Case study: Using clickers to support large-group interaction in maths

Multiple choice question on properties of sin(z) for some complex number, z. Includes 'Don't know' option.

Origin

School of Mathematics, Faculty of Sciences, University of Bristol

Contact

Suzi Wells, ESU, suzi.wells@bristol.ac.uk
Karoline Wiesner, Mathematics, K.Wiesner@bristol.ac.uk

Objectives

  • Increase the benefit to students of lectures by helping them engage more deeply with the material

What was done

Students were each given a voting handset at the beginning of the lecture. During the lecture several multiple-choice questions were presented, the students were given a couple of minutes to think about / discuss each one and vote for the correct answer. The lecturer had a hand-held receiver which allowed her to see the spread of the results. She would then discuss these in the lecture - providing instant feedback to the class.

Outcomes

What worked well

  • This approach was well-received by students.
  • The lecturer reported a very good atmosphere, especially given the large class size (100-120 students).
  • The technology was easy to use and required very little set-up.

Problems and/or issues

Distributing the clickers and collecting them in again was difficult without additional help. In this case boxes of clickers were placed by the door for students to collect on their way into the lecture and return on their way out. After several clickers went missing, about two-thirds of the way through the unit, the lecturer decided she could not continue to use the technology.

This is a fairly new approach and, although it seemed to work well, the lecturer would have appreciated the opportunity to discuss the approach with other colleagues involved in mathematical teaching. In particular, being able to share and discuss questions would have been helpful.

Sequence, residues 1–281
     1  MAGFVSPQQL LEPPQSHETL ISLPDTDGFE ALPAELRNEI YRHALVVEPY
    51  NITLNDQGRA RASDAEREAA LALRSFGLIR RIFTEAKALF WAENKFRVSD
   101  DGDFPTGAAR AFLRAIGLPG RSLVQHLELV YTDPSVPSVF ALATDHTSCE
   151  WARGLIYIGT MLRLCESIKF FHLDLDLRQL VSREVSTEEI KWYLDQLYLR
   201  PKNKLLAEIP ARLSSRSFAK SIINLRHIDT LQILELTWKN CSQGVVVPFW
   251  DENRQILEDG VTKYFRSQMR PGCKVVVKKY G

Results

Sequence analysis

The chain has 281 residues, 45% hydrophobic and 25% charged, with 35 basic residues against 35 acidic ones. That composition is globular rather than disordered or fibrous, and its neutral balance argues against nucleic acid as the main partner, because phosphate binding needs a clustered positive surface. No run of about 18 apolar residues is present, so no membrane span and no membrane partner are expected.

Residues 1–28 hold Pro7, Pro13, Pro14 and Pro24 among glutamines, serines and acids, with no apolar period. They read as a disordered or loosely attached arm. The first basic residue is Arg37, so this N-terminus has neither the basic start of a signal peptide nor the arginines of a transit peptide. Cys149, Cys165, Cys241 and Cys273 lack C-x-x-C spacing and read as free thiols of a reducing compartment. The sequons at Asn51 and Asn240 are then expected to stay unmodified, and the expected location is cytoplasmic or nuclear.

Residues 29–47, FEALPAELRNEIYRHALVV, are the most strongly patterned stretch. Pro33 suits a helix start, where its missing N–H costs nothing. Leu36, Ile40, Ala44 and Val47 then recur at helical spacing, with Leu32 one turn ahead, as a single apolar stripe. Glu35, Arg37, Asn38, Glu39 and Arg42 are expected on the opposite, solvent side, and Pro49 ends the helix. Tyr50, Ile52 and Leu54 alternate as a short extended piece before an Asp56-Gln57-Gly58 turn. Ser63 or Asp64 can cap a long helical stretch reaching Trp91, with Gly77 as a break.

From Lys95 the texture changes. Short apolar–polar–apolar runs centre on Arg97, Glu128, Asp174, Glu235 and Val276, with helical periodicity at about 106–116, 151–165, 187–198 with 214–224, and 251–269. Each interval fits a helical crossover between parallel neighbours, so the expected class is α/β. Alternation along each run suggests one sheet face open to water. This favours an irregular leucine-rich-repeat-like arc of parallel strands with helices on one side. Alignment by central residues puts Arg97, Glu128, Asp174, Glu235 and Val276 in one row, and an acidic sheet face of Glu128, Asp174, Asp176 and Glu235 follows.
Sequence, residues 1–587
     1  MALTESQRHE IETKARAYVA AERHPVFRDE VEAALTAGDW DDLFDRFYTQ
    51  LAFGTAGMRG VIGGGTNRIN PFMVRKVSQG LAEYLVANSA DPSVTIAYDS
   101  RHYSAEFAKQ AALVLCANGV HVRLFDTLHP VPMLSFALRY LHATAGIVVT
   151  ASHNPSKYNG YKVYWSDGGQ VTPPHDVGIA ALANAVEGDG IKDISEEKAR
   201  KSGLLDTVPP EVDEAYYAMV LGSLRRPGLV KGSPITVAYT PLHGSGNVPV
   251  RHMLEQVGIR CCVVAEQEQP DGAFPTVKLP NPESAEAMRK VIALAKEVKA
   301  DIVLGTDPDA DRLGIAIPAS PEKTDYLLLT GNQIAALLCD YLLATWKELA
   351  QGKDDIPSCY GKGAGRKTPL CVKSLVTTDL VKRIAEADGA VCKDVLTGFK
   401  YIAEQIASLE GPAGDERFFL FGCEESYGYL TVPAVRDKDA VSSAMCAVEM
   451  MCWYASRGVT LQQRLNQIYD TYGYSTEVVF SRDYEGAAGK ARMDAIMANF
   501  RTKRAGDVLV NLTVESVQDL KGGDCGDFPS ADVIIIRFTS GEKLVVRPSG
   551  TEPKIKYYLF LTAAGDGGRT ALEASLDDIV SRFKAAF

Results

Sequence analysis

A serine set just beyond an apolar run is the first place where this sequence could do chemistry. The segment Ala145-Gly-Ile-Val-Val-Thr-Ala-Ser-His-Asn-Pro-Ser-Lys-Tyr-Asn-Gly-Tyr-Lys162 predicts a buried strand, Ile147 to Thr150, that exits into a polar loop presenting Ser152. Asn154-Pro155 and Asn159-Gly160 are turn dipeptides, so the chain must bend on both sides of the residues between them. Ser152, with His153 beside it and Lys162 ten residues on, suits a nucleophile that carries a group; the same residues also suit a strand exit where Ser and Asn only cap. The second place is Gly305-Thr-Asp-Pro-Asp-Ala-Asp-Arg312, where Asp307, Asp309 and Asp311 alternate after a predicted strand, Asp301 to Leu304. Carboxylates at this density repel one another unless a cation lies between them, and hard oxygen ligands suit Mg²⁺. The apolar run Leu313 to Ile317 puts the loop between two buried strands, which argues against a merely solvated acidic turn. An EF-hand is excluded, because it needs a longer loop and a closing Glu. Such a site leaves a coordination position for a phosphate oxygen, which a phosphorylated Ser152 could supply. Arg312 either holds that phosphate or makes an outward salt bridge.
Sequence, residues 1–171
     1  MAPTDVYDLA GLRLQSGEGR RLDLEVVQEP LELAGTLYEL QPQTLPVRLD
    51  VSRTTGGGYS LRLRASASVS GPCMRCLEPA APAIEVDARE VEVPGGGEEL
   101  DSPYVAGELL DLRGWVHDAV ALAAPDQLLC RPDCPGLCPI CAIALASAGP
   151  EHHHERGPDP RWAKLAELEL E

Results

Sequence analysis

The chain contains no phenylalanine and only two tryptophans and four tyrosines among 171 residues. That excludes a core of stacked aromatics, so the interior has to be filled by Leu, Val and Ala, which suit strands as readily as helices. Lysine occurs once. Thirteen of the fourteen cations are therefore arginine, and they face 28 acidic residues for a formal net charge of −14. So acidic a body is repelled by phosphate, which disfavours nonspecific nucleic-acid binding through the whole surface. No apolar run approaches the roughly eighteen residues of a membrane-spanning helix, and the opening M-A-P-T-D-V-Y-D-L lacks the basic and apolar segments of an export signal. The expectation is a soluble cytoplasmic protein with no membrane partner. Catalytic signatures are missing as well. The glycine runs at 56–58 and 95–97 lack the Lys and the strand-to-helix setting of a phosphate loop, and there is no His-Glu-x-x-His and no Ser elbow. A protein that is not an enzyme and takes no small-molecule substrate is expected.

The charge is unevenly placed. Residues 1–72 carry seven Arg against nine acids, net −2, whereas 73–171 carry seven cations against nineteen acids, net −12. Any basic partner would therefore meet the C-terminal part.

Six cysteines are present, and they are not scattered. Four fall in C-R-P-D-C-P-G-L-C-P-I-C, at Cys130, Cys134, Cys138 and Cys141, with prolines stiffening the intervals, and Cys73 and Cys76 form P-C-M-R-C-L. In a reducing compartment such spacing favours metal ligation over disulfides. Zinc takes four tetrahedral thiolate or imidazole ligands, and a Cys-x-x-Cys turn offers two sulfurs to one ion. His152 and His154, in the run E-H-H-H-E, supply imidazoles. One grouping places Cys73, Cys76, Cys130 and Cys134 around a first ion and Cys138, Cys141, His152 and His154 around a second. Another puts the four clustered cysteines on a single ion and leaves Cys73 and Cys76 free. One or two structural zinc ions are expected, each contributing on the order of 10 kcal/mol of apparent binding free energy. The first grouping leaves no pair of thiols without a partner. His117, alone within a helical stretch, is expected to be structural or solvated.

Student feedback

Informal feedback about the course as a whole was collected from students after two weeks (one third of the way into the course). Many students mentioned the clickers. There were a few (about 5) negative comments, from students who felt it took up too much time or did not benefit them. But of those that mentioned the clickers, the great majority were positive about the technology. Positive comments included:

"[The clickers] keep me engaged. It’s good."

"Clicker questions work well, but it would be even more helpful if you could write out the corrections."

"Loving the clickers!"

Tools used

  • TurningPoint voting handsets - creditcard-sized handsets with keys numbered 0-9
  • TurningPoint ResponseCard AnyWhere - receiver allowing votes to be counted without using a PC

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